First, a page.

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Sleep: You’re probably not getting enough

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Most of the information for this posting comes from Matthew Walker’s book “Why We Sleep.”

Sleep is important! It accounts for one third of our lives. Wakefulness is actually low level brain damage which requires a good night of sleep for a person to properly recover. In 2012, Rochester University found that the brain has a “sewage system” called the glymphatic system. When you sleep, specific cells in your brain will shrink up to 200% and allow the cerebral spinal fluid to fill the brain and “wash out the waste” of wakefulness.

     Poor sleep can increase the risk for Alzheimer’s disease. When we have poor sleep, we build up oxidative stress, causing neuronal damage, especially in the area of hour brain where our memories are stored. (The hippocampus, for our science friends). 2 proteins, Beta Amyloid and Tau, will build up in the brain if sleep is less than 7 hours or fragmented. These same two proteins are found in elevated amounts in the brains of Alzheimer’s patients. As a matter of fact, 8 hours of sleep are the best preventative measures against both high blood pressure and Alzheimer’s.

There are 4 pillars of sleep. 1) Regularity, consistency of a sleep schedule. 2) Continuity, little to no awakening at night. 3) Quantity, the total and amount of sleep in each stage. 4) Quality, as in the quality of the electrical signal of the brain.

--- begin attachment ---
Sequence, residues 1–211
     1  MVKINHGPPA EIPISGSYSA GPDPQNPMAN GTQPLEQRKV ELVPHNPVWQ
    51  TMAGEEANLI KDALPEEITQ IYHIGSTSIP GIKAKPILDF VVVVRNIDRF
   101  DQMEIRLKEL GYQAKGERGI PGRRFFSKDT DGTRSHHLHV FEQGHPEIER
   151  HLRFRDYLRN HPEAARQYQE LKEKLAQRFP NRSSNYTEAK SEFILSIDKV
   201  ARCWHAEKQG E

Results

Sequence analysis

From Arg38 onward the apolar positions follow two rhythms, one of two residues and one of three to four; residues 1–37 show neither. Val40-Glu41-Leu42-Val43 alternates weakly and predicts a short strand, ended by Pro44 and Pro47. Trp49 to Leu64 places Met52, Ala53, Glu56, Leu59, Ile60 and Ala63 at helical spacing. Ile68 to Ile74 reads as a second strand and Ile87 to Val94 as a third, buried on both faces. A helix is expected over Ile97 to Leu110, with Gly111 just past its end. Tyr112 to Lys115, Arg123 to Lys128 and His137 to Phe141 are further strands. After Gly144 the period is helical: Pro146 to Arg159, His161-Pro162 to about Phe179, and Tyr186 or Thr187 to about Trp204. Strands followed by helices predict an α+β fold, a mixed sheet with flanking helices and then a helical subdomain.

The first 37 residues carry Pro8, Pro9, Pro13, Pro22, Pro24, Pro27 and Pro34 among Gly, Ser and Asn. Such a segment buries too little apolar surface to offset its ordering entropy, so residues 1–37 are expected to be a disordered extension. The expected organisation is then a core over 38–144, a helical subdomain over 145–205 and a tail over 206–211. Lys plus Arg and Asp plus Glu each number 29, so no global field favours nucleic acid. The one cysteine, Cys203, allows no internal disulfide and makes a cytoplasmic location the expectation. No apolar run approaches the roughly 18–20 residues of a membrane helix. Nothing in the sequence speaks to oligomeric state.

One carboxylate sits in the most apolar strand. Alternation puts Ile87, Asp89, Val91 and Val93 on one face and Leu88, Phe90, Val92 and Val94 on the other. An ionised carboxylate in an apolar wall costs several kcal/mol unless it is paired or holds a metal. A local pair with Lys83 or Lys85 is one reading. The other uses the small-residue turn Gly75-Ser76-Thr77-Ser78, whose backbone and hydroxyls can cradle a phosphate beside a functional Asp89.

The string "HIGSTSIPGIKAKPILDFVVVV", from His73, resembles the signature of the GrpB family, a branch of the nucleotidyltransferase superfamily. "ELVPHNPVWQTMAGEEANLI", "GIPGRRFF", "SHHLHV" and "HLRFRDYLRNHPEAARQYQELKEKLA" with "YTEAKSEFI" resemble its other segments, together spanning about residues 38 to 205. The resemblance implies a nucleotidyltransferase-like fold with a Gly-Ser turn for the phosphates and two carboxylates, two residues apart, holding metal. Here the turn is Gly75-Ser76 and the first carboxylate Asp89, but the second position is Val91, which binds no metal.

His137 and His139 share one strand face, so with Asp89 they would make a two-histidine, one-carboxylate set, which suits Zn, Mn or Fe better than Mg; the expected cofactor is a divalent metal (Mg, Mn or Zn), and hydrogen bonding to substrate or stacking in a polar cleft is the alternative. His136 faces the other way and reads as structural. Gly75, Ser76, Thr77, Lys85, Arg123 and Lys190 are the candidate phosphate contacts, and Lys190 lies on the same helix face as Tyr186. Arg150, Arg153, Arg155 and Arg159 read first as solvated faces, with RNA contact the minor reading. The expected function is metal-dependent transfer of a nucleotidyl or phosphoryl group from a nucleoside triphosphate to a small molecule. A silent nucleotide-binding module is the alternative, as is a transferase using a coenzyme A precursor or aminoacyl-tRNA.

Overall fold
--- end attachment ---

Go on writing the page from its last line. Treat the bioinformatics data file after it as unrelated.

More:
There are 2 sleep cycles: REM and non-REM sleep, and these contain the 4 sleep stages. Every 90 minutes the brain cycles between these 2 cycles. Non-REM contains the restorative stages which allow for the preservation of new memories and preparation for future learning. REM, your dream cycle, helps recalibrate emotional networks. All the stages are important for brain health, so you can start to understand why getting uninterrupted sleep is so important.

A study on rats and sleep deprivation performed in 1983 showed that sleep deprived rats met their demise 20% faster than they would die from starvation. Further findings concluded that rats who were totally sleep deprived, or deprived of REM sleep alone, died in 10 days. Non REM sleep deprivation allowed for survival of up to 20 days.

We all know we should exercise and eat better, but what we often don’t consider is that sleep is the foundation of our health. (Because deprivation is so detrimental to our health, Guinness Book of Records banned people from trying to see how long they can stay awake.) Unfortunately, sleeping has been stigmatized as laziness. Margaret Thatcher and Ronald Reagan were both proud of sleeping only 4-5 hours a night and they both ended up with Alzheimer’s. In 1942 we slept an average of 7-9 hours per night. Currently, we average only about 6.5. Knowing that a good night’s rest can help prevent chronic disease and motor vehicle accidents, (car accident risks are doubled with 5-6 hours per night and up to 12 times higher with less than 4 hours!), let’s all agree to PUT THE PHONE DOWN and go to bed.


-Brooke Rieth NP

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